Published: 12/26/2003

Page: A1

Brent D. Wistrom

Times Record News

It used to be a day when Grandma served duck stuffed with wild rice and smothered in oyster dressing just for him. It was a meal for two, cooked for about six hours and followed by banana pudding, chocolate cake and homemade ice cream. He would get so full – but he’d let out a little belch and realize there was room for a little more.

It was soul food on Christmas Day, and it still brings a smile to Wayne Hunter’s face 25 years after the last spoonful.

But since his grandmother, Electra Faye Burnett, passed away in 1979, two weeks before Christmas, and one of his brothers landed in prison four years ago, holidays come and go like other days – days passed alone, hustling for a few dollars to buy something cheap and filling. It doesn’t get any easier through the years.

“When you tell yourself it doesn’t matter, it’s a lie,” said Hunter, who also spends Thanksgiving, Easter and his birthday alone. “It’s a bold-faced lie. You know how you feel when you’re alone. “I love it that the Lord was born today, but for me it’s still just another day.”

Hunter, 42, is a self-described “jack of all trades, master of none.” Most of his dollars come from detailing cars in a car wash on Eastside Drive.  He spends modestly on an efficiency apartment and light meals. On Christmas Eve, he bought two hot dogs with mayo and onions for 97 cents at a gas station. It was his first meal in nearly two days.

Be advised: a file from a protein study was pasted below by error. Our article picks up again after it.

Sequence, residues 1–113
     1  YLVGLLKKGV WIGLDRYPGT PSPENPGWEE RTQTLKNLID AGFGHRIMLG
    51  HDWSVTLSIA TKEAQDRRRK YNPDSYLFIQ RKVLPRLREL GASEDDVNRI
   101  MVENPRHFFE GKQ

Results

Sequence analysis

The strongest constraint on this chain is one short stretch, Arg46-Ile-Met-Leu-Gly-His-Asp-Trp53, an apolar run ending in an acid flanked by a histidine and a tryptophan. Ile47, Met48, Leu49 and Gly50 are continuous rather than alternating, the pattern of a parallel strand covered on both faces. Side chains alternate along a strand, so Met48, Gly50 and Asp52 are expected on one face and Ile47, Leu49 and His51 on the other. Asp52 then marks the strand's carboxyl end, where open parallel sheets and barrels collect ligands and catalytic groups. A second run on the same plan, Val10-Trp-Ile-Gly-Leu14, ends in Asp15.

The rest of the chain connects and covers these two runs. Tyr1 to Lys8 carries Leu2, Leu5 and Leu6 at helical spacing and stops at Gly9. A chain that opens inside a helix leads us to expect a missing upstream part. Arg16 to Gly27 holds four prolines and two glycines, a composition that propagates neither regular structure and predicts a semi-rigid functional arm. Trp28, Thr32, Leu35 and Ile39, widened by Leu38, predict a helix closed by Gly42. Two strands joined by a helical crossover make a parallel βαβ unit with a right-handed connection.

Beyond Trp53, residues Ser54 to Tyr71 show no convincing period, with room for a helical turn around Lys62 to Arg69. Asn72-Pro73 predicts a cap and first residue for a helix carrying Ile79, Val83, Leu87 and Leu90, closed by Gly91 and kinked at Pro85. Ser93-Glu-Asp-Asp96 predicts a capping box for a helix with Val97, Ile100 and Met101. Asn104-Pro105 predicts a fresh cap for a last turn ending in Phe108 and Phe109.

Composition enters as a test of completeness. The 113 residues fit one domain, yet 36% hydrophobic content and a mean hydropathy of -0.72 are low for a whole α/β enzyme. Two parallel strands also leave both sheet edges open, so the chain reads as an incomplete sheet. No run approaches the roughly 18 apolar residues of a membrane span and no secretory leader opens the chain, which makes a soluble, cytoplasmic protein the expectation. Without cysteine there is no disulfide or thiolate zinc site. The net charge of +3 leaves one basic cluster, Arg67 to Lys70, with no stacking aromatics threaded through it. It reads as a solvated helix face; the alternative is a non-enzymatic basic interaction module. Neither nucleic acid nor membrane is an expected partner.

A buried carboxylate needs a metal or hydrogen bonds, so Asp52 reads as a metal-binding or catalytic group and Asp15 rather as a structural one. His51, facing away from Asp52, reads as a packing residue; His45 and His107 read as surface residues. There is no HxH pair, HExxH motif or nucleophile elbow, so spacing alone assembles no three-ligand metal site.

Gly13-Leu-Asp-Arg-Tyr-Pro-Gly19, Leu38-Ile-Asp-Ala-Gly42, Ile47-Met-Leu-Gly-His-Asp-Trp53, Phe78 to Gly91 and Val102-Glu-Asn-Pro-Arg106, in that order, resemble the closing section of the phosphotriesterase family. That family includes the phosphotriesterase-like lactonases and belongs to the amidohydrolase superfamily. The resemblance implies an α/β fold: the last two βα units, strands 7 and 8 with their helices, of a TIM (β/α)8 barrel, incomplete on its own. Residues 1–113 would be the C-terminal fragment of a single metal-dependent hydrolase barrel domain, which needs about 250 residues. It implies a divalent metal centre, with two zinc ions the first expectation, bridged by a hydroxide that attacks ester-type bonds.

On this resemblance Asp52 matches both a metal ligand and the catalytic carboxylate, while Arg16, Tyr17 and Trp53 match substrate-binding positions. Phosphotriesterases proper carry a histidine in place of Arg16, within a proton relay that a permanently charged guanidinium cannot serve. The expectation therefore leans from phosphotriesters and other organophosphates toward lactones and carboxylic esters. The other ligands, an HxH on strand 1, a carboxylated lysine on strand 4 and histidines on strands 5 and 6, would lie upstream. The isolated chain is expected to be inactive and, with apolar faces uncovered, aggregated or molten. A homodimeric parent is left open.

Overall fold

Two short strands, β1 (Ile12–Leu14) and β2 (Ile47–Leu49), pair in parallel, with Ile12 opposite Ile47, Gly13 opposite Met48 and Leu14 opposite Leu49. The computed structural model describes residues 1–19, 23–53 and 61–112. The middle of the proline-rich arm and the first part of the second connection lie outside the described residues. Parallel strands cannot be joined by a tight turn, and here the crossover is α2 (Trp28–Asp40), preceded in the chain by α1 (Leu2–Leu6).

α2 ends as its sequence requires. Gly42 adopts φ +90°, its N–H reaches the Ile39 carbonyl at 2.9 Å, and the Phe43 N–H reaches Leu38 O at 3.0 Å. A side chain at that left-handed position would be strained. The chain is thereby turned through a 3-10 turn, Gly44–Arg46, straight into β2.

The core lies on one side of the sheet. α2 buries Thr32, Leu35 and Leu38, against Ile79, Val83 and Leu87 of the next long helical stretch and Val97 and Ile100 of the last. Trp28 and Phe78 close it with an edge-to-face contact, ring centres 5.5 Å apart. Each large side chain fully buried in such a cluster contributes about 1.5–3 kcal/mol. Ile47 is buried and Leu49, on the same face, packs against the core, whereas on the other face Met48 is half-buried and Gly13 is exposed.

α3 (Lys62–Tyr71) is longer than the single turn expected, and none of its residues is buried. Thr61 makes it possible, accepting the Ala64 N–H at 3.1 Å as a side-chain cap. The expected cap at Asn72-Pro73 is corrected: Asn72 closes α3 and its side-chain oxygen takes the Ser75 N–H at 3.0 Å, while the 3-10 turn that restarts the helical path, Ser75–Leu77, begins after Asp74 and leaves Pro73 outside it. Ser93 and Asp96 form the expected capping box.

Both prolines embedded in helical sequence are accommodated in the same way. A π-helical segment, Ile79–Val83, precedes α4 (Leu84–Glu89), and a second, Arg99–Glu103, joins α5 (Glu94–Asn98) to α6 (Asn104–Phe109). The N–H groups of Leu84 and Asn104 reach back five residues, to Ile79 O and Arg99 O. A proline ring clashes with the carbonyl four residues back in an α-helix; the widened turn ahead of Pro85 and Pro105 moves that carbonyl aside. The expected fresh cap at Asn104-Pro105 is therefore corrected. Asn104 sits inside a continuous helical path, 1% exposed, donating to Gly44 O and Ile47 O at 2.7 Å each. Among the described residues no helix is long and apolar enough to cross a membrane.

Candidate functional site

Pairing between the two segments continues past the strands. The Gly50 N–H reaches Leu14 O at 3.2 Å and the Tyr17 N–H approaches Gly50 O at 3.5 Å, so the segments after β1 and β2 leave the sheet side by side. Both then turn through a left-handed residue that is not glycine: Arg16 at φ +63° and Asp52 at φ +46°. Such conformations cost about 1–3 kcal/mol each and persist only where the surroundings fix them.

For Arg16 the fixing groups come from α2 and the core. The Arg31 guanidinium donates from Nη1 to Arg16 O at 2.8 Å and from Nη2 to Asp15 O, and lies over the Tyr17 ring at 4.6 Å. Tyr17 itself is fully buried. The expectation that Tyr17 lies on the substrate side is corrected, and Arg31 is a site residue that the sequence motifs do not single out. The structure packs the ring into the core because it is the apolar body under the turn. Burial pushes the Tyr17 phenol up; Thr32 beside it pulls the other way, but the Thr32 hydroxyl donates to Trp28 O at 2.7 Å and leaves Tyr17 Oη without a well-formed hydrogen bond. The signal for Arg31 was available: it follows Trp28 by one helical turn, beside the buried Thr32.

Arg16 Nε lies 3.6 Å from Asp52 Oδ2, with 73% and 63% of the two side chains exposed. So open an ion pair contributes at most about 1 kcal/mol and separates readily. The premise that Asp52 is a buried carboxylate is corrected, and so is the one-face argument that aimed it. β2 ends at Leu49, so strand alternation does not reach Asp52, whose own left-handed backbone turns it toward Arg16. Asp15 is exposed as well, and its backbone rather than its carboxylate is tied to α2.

He walked from street to street, shelter to shelter Thursday looking for a bite. He missed the Faith Mission’s meal by half an hour and came too early to the Elks Lodge.  They offered to feed him later, but he wanted to find his sister – the only of his five siblings in the area.  No luck.

Without an address, seeing her was unlikely from the start.

But on Holmes Street he crossed paths with another man who, for different reasons, was also alone and hungry. They had Christmas dinner at the China Star.

The best way to get through the holidays is through the past, Hunter said.  “It’s Christmas,” he said. “You get all this food and the kids … they rip into those presents and their faces just light up.  “You know, especially if it’s their first Christmas and they’re just figuring out, ‘Oh, I get stuff on this day … OK, OK, OK, I like this.’ And their faces just light up when they get into those presents. They just gotta know what’s in there. I guess I used to be like that too.”

Hunter grew up in the Bailey Street Projects with his grandmother. His mother, who had her only son, Hunter, when she was 16, tried to play a role in his life, but they only saw each other occasionally. His father, who had five children, was never there.

Hunter, now a tall, slender man with deep-set eyes and a slow-motion smile, said he was the biggest kid in class through his freshman year – thanks to grandma’s cooking. He lived in Austin for about 10 years before returning to Wichita Falls to stay with his brother.

As Christmas grew dimmer Thursday, he planned to work at the car wash again – as he did last year. Then, he wanted to relax at his apartment.   With a little extra money comes a little more hope and another day – just like Christmas.